Cold Little Duck, Duck, Duck
What’s a cold little duck to do when she races the spring thaw to her home pond and wins? She could shiver, slip, slide, and shake, or think lovely, warm thoughts until nature comes through and brings the pond splashing and quacking to life once again.
Lisa Westberg Peters, illus. Sam Williams, Greenwillow, 2000.
32 pages, ages 4-8. ISBN: 0688161782
The Story Behind the Story
Lucky Duck: Local writer has found success with her children’s books
St. Paul Pioneer Press, March 15, 2001
In the winter of 1986, an idea was hatched on Lake Como when St. Paul writer Lisa Westberg Peters saw a mallard alone on the ice. Peters filed away her impression of the unlucky duck among her collection of story ideas.
Ten years later, Peters pulled out her file and chose to write a short book inspired by the mallard. “Cold Little Duck, Duck, Duck” is a children’s picture book about a duck who flies home too early, only to find that her pond is frozen. The heroine is encouraged by a bear to go “back, back, back.” Instead, she thinks of spring and soon finds herself in warmer weather.
Peters’ story was recently named a 2001 Notable Book by the American Library Association — a designation given to about 20 titles for young readers each year. It has just been adapted for British readers and will soon appear in other languages as well.
Though the book is as thick as a pencil and only 206 words, it took two years to complete. But Peters says she wouldn’t have done it any differently.
“I don’t think I’d trust a story on the first shot,” says Peters of the 20 drafts that she made before reaching·a final product.
Peters’ editor at Greenwillow Books is pleased with the results. “Some people write a book in an afternoon, and it could take a person 10 years to write another book. There’s no formula,” says Virginia Duncan. “I think that every single word has to be perfect.”
To achieve that perfection, illustrator Sam Williams worked with Greenwillow Press as the story evolved. Williams’ inspiration for the look of the protagonist came from the inhabitants of a pond near his home in St. Albans, a small city 20 miles north of London, England. Though Williams and Peters never communicated directly with each other, Peters was pleased with the illustrations.
At first, the story of the little duck had a more morbid premise. The little duck was to lay a frozen egg with a frozen duckling inside. Peters abandoned that premise a year later because it had no immediate tension.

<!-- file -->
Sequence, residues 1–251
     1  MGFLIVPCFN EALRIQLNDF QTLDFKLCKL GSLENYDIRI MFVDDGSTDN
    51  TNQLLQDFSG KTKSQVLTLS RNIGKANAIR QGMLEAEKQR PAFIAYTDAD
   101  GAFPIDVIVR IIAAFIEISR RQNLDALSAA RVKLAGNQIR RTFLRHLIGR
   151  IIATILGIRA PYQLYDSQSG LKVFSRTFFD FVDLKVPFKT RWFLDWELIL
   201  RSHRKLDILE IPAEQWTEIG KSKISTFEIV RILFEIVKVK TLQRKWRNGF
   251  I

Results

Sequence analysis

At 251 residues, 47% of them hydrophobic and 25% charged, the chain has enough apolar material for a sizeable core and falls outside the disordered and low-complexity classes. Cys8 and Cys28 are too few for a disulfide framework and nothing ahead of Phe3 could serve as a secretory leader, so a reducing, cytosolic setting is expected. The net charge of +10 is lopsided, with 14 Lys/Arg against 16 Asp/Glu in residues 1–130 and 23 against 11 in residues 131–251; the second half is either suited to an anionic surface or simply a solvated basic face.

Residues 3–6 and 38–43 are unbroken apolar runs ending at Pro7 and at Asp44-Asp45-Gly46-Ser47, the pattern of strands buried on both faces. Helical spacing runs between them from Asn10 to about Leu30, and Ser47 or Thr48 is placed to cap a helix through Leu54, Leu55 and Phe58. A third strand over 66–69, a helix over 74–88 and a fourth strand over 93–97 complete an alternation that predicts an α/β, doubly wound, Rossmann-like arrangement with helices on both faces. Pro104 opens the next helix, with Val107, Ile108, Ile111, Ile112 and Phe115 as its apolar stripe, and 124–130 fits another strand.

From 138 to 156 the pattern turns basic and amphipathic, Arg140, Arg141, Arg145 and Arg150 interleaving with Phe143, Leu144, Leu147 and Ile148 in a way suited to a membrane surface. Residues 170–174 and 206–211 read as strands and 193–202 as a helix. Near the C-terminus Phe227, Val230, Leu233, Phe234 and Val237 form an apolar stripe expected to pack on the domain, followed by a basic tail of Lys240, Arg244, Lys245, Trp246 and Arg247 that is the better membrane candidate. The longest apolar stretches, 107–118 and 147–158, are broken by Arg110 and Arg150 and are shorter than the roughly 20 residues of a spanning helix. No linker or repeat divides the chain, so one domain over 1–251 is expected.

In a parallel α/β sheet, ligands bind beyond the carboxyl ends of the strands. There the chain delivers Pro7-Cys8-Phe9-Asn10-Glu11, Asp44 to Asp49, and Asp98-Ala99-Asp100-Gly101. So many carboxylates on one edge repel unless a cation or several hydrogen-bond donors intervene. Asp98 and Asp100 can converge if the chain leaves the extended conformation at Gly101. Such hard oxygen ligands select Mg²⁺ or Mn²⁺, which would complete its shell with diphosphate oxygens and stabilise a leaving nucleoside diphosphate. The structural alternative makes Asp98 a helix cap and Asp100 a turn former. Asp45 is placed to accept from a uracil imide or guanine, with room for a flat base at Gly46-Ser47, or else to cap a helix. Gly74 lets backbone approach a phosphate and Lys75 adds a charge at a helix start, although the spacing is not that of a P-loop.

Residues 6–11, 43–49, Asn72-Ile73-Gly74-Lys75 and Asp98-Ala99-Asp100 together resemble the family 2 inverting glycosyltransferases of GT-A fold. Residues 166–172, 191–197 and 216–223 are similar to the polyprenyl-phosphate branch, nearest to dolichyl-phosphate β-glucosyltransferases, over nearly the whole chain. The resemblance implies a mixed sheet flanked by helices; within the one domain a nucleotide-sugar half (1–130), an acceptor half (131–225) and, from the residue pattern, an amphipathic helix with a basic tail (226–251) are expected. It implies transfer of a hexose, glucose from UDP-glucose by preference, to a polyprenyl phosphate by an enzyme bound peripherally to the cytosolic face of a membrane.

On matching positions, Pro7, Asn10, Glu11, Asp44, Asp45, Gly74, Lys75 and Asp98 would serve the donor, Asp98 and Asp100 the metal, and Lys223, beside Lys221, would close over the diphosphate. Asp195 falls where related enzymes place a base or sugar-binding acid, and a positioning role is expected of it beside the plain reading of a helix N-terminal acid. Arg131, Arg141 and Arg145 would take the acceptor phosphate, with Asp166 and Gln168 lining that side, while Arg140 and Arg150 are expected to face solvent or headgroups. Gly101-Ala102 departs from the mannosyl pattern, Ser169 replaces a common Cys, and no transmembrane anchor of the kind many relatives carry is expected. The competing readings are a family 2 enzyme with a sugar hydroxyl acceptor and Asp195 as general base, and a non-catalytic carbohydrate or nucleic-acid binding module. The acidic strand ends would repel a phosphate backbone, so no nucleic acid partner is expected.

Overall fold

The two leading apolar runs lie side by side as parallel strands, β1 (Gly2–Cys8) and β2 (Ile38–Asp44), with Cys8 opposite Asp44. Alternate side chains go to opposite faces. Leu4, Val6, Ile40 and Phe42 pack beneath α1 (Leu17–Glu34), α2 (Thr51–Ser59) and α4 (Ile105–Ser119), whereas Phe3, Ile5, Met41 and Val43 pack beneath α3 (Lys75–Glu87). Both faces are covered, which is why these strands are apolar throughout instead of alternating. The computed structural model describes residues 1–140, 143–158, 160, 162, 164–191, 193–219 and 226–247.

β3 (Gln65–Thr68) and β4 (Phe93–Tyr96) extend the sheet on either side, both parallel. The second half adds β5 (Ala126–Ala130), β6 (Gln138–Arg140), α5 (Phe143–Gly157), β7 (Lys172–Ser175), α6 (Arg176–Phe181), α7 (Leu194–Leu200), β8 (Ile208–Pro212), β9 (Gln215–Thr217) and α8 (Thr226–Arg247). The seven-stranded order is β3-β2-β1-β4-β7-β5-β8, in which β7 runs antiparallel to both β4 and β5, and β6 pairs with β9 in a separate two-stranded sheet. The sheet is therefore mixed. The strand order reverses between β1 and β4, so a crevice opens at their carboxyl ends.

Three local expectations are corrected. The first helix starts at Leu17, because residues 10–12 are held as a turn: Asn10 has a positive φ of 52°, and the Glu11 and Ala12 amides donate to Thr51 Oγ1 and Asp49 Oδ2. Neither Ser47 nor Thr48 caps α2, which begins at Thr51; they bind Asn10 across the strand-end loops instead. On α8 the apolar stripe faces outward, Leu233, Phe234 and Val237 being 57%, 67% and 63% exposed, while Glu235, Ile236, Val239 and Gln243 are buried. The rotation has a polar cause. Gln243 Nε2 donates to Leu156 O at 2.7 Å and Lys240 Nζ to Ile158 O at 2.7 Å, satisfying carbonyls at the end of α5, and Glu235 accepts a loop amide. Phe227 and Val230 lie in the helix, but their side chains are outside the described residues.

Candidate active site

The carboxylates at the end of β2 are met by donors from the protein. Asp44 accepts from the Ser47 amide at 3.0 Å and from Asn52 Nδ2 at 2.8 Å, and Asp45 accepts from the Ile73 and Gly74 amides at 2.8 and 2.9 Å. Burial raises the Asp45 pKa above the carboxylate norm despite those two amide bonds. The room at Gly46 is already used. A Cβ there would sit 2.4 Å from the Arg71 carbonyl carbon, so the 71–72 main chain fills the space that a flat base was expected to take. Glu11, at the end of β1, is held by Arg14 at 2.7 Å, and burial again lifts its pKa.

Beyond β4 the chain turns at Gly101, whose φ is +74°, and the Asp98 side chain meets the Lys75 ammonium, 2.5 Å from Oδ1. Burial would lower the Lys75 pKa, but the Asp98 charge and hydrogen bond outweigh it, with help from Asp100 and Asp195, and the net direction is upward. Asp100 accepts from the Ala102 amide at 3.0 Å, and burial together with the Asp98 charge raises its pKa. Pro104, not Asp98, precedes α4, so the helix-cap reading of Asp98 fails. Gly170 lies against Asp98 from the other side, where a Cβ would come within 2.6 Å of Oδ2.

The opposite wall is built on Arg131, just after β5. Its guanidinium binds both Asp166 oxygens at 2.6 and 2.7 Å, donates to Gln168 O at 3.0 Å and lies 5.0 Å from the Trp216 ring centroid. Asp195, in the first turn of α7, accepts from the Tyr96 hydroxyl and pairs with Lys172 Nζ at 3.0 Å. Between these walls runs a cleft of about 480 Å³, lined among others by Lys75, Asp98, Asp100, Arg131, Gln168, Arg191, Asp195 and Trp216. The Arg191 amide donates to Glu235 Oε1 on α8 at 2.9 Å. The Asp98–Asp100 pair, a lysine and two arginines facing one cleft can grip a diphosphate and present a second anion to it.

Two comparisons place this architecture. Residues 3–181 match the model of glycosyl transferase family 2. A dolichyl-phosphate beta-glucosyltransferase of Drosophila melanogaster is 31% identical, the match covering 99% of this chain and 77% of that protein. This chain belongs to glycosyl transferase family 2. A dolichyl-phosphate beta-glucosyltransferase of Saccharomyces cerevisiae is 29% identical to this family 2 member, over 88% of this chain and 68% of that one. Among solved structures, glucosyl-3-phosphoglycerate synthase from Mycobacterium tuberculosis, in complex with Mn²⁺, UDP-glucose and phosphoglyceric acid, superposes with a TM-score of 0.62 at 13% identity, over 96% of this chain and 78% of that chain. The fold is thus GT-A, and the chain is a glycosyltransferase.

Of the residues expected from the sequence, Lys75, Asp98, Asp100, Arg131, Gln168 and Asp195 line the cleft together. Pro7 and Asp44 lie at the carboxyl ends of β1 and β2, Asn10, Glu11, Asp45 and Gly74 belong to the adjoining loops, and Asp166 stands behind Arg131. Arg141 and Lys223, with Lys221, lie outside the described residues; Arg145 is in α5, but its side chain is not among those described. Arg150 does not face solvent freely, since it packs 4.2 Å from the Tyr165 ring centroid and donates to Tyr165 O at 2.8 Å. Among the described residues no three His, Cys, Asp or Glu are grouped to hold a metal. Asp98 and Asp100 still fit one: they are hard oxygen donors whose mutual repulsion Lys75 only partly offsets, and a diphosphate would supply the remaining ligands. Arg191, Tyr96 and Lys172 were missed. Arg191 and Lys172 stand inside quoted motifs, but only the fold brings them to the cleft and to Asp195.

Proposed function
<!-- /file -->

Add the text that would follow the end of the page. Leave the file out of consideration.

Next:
Though Peters has published 12 books, including “Cold Little Duck, Duck, Duck,” most of her·story ideas remain unpublished. Beneath rows of bookshelves lay about 6 feet worth of manuscripts and ideas that have never made it to press because they were rejected by publishers or because they have yet to be developed.
Drawing from her curiosity about the world around her, Peters carries a notebook to record observations about everything from the bunnies that eat her garden to the carbon cycle — both ideas are topics of stories that she is working on.
Many of her 12 published children’s books were based on scientific topics — especially with geographic themes. “The Sun, the Wind and the Rain,” published in 1988, received recognition as an “Outstanding Science Trade Book” from the National Science Teachers Association.
Peters started writing children’s books 17 years ago, when she stopped taking naps with her. daughters, Anna and Emily, who were then 1 and 3. Peters, whose husband works at the Pioneer Press, thought that the themes of her children’s books would grow up with her daughters. She was surprised to find that they didn’t. “Cold Little Duck, Duck, Duck” is for ages four and older, and Peters’ daughters are now attending college.
In her latest book, Peters says that it is up to the reader to decide whether spring arrived because of the duck’s powerful thoughts or because of nature’s design. Of course, she has her own ideas about it. To her, the duck’s wishes brought on spring.
The Horn Book, July/Aug 2000, starred review